She told Manchester magistrates that she had stolen the animal as she felt it was being mistreated. 

 

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Red Bull smash world record for fastest F1 pit-stop after taking just 1.82 SECONDS

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Max Verstappen‘s victory at Sunday’s Brazilian Grand Prix was already memorable for the way he passed Lewis Hamilton twice on the circuit to land his eighth F1 win.

But there was another cause for celebration among his mechanics after they set a new F1 record for the fastest ever pit-stop during the race at Interlagos.

With a service time of just 1.82 seconds, the team managed to stop the Dutchman’s car, change all four tyres and then set him on his way again.

It was his first pit-stop during the race and was seen as crucial in his battle to emerge on the track in front of Lewis Hamilton who had already pitted and was looking to take the lead in Sao Paulo.

Unfortunately for Verstappen, Red Bull’s hard work in the pit-lane was all for nothing as he was immediately obstructed by the Williams of Robert Kubica that was dangerously released in front of him, forcing him to slow down and take evasive action. 

Kubica was hit with a penalty for getting in the way, which resulted in Verstappen emerging behind Hamilton on the track.

However, less than a lap later Verstappen made the first of his two passes on Hamilton during the race, using his slipstream on the start/finish straight to regain the race lead.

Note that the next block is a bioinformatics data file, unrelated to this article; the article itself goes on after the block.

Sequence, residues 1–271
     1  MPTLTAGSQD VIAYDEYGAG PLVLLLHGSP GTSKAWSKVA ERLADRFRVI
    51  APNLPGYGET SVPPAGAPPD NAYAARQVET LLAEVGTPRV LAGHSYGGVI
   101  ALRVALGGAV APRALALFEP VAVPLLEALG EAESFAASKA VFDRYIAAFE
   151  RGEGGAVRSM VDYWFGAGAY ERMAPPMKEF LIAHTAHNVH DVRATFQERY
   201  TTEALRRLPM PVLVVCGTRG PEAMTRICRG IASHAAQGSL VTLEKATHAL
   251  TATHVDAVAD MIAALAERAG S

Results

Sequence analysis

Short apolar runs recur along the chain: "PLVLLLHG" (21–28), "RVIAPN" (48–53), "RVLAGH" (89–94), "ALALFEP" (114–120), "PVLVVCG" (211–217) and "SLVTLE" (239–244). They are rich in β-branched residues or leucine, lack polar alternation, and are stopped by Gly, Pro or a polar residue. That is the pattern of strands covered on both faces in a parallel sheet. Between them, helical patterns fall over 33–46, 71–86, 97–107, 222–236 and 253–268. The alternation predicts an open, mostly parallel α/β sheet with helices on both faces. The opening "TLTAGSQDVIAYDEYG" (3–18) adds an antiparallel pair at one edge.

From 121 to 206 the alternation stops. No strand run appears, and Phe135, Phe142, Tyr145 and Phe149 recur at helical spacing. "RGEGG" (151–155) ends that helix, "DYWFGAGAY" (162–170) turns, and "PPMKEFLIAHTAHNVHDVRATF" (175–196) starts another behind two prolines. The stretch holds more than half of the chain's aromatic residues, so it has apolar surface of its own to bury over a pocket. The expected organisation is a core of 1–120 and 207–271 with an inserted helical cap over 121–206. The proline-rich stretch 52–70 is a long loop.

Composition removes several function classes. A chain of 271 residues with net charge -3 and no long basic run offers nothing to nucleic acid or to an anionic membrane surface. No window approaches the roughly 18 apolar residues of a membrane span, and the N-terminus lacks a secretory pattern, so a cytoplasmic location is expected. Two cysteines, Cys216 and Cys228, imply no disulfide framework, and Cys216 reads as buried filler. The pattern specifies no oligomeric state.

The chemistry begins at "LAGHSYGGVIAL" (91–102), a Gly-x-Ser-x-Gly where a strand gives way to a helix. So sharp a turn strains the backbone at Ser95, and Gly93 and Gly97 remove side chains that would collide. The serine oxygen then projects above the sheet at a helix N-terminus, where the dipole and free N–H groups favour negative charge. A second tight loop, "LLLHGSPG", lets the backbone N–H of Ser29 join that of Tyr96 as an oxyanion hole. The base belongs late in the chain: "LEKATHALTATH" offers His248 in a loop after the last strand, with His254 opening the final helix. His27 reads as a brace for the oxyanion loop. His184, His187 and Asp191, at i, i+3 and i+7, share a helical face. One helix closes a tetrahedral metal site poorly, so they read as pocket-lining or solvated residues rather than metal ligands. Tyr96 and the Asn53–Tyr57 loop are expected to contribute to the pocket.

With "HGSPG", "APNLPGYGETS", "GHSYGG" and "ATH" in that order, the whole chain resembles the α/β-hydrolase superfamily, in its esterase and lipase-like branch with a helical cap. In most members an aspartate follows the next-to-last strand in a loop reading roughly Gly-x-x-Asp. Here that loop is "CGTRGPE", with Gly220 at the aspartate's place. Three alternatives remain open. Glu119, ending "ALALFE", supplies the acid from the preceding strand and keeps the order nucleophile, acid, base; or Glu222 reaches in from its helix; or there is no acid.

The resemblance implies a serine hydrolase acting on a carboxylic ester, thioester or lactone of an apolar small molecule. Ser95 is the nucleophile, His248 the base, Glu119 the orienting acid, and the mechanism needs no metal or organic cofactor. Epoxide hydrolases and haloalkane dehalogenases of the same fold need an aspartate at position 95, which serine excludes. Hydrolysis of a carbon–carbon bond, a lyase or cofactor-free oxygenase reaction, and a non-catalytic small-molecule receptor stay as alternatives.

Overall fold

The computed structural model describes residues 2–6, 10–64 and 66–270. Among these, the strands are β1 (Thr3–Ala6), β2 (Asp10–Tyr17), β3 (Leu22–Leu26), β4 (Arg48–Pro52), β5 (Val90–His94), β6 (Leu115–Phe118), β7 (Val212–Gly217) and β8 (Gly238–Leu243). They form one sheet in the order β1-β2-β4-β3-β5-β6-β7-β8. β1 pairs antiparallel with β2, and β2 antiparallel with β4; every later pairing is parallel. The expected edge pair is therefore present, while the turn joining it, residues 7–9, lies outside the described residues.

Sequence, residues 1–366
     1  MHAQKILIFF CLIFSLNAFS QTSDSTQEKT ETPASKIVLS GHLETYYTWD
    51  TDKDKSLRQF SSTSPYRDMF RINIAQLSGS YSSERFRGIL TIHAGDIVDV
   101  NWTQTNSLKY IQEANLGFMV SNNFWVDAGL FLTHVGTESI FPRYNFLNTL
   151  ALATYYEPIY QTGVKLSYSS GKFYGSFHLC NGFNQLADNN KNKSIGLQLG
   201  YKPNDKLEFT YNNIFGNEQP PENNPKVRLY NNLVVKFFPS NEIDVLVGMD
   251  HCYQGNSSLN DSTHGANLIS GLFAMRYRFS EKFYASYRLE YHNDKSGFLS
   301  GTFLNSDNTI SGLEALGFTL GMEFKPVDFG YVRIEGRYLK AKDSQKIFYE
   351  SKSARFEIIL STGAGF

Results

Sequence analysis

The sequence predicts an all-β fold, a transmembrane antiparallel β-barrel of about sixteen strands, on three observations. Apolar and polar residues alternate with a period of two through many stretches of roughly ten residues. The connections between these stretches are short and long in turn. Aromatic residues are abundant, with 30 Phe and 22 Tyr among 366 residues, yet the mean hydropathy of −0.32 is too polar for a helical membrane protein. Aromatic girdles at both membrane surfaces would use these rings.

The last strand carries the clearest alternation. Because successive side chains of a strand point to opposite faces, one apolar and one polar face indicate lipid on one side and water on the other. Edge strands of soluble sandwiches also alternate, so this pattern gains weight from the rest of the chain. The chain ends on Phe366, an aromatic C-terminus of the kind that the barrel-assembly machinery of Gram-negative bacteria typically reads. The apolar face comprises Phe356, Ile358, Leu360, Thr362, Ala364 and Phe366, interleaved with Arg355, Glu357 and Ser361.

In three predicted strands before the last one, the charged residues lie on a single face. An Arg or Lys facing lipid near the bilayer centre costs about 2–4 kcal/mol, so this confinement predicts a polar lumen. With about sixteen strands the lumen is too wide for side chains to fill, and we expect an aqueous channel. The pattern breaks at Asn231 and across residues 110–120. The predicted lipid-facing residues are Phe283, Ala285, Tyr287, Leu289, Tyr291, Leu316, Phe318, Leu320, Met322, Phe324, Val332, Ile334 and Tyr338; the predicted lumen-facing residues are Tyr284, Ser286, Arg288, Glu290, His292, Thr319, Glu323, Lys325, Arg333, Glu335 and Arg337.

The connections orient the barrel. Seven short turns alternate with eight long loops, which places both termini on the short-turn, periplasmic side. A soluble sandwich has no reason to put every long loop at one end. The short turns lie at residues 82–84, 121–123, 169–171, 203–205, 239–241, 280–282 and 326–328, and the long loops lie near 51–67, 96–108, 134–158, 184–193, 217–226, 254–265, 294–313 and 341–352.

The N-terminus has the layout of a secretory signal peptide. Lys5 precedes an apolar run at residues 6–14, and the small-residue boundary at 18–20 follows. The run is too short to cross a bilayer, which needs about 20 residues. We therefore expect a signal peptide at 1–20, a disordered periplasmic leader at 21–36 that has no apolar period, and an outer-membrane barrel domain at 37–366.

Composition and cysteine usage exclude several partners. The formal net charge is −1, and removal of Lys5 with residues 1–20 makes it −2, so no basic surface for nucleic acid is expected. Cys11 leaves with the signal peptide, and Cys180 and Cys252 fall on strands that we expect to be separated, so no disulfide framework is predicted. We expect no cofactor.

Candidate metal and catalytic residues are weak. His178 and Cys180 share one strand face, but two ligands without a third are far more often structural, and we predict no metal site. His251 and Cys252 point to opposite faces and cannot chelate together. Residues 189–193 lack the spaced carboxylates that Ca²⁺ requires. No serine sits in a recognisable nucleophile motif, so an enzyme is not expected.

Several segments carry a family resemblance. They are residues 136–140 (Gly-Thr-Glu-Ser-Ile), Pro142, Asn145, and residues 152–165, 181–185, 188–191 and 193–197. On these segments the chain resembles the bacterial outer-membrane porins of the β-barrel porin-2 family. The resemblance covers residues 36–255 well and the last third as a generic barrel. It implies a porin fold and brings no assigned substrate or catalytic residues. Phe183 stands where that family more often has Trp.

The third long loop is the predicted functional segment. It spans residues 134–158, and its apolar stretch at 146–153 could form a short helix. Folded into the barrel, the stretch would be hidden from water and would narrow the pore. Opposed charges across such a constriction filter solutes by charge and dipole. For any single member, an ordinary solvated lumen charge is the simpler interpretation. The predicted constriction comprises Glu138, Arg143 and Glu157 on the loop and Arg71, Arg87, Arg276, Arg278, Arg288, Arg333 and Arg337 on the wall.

Red Bull’s new record beat the previous record also set by them during this year’s German Grand Prix by just six hundredths of a second. It is the third time they have set a new record during the season.

In addition to the record stop, the team put in the third quickest (2.12 seconds) and fourth fastest (2.17 seconds) of the race during their three-stop strategy.

The ultra quick times are a far cry from the early years of Formula One when drivers even had time to chat to their mechanics as their car was serviced in the pit-lane during a race.

It was not until the early 1990s when the Benetton team started to use the pit-stop as a way of gaining crucial time during the race. Although their pit-stops of around six seconds at the time seem like an age compared to today’s racing, they did also have to refuel the cars. A practice no longer required with refuelling banned from modern F1 racing.